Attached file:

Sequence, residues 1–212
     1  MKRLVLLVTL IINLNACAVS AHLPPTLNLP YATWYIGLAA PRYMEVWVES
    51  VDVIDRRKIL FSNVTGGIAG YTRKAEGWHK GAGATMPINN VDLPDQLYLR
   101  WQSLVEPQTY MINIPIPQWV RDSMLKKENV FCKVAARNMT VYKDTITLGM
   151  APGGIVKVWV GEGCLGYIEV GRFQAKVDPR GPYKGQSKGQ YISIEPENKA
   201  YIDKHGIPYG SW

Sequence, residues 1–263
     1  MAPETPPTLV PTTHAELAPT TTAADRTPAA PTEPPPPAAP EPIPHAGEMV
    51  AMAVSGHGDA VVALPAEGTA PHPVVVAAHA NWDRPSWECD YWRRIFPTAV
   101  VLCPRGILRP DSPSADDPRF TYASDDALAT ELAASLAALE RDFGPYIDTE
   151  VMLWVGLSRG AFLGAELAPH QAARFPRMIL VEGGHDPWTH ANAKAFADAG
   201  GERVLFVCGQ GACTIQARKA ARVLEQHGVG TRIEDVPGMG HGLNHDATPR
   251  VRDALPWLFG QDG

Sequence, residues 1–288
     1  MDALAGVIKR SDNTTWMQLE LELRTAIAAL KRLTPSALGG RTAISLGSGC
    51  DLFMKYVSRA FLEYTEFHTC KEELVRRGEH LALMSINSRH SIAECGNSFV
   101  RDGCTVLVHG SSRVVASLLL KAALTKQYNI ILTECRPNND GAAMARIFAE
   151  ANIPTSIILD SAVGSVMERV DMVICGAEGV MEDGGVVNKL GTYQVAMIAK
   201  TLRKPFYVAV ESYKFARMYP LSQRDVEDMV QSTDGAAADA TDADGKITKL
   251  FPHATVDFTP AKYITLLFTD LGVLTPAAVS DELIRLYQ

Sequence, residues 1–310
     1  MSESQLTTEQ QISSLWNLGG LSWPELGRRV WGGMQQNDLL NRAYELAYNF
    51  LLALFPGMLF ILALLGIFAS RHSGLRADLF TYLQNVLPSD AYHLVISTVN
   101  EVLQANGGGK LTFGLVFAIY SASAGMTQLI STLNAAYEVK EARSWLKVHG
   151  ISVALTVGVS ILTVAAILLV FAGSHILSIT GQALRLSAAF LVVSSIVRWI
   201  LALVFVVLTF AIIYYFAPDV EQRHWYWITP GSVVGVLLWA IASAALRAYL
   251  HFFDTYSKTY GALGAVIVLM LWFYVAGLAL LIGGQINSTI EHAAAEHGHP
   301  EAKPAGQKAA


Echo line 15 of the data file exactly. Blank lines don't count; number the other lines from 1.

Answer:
     1  MDALAGVIKR SDNTTWMQLE LELRTAIAAL KRLTPSALGG RTAISLGSGC